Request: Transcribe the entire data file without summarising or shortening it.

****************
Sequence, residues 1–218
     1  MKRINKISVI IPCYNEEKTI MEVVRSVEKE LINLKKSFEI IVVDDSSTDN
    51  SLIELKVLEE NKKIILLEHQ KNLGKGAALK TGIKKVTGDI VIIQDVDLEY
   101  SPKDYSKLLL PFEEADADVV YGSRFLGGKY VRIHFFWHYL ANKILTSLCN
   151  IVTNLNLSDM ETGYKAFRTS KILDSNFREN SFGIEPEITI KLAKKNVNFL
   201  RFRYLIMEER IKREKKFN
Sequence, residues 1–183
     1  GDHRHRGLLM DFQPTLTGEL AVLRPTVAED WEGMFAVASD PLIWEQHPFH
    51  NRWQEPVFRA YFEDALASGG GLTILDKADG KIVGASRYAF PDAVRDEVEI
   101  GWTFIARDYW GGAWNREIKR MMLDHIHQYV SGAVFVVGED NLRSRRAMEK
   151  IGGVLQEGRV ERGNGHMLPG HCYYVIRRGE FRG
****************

Sequence, residues 1–218
     1  MKRINKISVI IPCYNEEKTI MEVVRSVEKE LINLKKSFEI IVVDDSSTDN
    51  SLIELKVLEE NKKIILLEHQ KNLGKGAALK TGIKKVTGDI VIIQDVDLEY
   101  SPKDYSKLLL PFEEADADVV YGSRFLGGKY VRIHFFWHYL ANKILTSLCN
   151  IVTNLNLSDM ETGYKAFRTS KILDSNFREN SFGIEPEITI KLAKKNVNFL
   201  RFRYLIMEER IKREKKFN
Sequence, residues 1–183
     1  GDHRHRGLLM DFQPTLTGEL AVLRPTVAED WEGMFAVASD PLIWEQHPFH
    51  NRWQEPVFRA YFEDALASGG GLTILDKADG KIVGASRYAF PDAVRDEVEI
   101  GWTFIARDYW GGAWNREIKR MMLDHIHQYV SGAVFVVGED NLRSRRAMEK
   151  IGGVLQEGRV ERGNGHMLPG HCYYVIRRGE FRG